Scala Language Simple Pattern Match


Example

This example shows how to match an input against several values:

def f(x: Int): String = x match {
  case 1 => "One"
  case 2 => "Two"
  case _ => "Unknown!"
}

f(2)  // "Two"
f(3)  // "Unknown!"

Live demo

Note: _ is the fall through or default case, but it is not required.

def g(x: Int): String = x match {
  case 1 => "One"
  case 2 => "Two"
}

g(1)  // "One"
g(3)  // throws a MatchError

To avoid throwing an exception, it is a best functional-programming practice here to handle the default case (case _ => <do something>). Note that matching over a case class can help the compiler produce a warning if a case is missing. The same goes for user-defined types which extend a sealed trait. If the match is total then a default case may not be needed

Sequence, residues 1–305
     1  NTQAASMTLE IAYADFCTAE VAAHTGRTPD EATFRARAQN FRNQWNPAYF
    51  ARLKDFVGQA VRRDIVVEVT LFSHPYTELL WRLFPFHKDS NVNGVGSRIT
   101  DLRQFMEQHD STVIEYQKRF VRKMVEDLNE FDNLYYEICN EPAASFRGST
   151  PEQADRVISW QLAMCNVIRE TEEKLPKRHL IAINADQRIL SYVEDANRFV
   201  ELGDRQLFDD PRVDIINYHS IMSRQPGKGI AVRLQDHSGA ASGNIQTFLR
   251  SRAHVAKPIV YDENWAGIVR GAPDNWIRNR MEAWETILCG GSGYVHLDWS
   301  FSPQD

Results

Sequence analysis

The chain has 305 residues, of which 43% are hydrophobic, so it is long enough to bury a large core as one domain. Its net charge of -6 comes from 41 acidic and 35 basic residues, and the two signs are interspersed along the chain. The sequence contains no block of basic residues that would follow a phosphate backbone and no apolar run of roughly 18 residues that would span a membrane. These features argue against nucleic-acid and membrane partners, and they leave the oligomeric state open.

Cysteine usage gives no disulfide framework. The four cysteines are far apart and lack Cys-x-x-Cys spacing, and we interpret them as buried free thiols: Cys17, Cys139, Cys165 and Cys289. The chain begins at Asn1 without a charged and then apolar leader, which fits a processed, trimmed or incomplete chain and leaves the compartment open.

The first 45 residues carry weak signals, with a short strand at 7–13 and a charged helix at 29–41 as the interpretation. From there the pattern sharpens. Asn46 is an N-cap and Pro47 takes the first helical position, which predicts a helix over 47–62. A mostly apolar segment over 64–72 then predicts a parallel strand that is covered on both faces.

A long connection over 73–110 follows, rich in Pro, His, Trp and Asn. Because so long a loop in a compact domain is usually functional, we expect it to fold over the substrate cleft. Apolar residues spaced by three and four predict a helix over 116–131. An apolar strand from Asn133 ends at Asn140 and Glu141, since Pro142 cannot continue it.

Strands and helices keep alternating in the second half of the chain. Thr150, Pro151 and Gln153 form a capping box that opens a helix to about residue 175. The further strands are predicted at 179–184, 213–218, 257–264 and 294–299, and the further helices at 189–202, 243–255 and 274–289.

It is also possible to match against values that are not defined inline. These must be stable identifiers, which are obtained by either using a capitalized name or enclosing backticks.

With Oneand two defined somewhere else, or passed as function parameters:

val One: Int = 1
val two: Int = 2

They can be matched against in the following way:

def g(x: Int): String = x match {
  case One => "One"
  case `two` => "Two"
}

Unlike other programming languages as Java for example there is no fall through. If a case block matches an input, it gets executed and the matching is finished. Therefore the least specific case should be the last case block.

def f(x: Int): String = x match {
  case _ => "Default"
  case 1 => "One"
}

f(5) // "Default"
f(1) // "Default"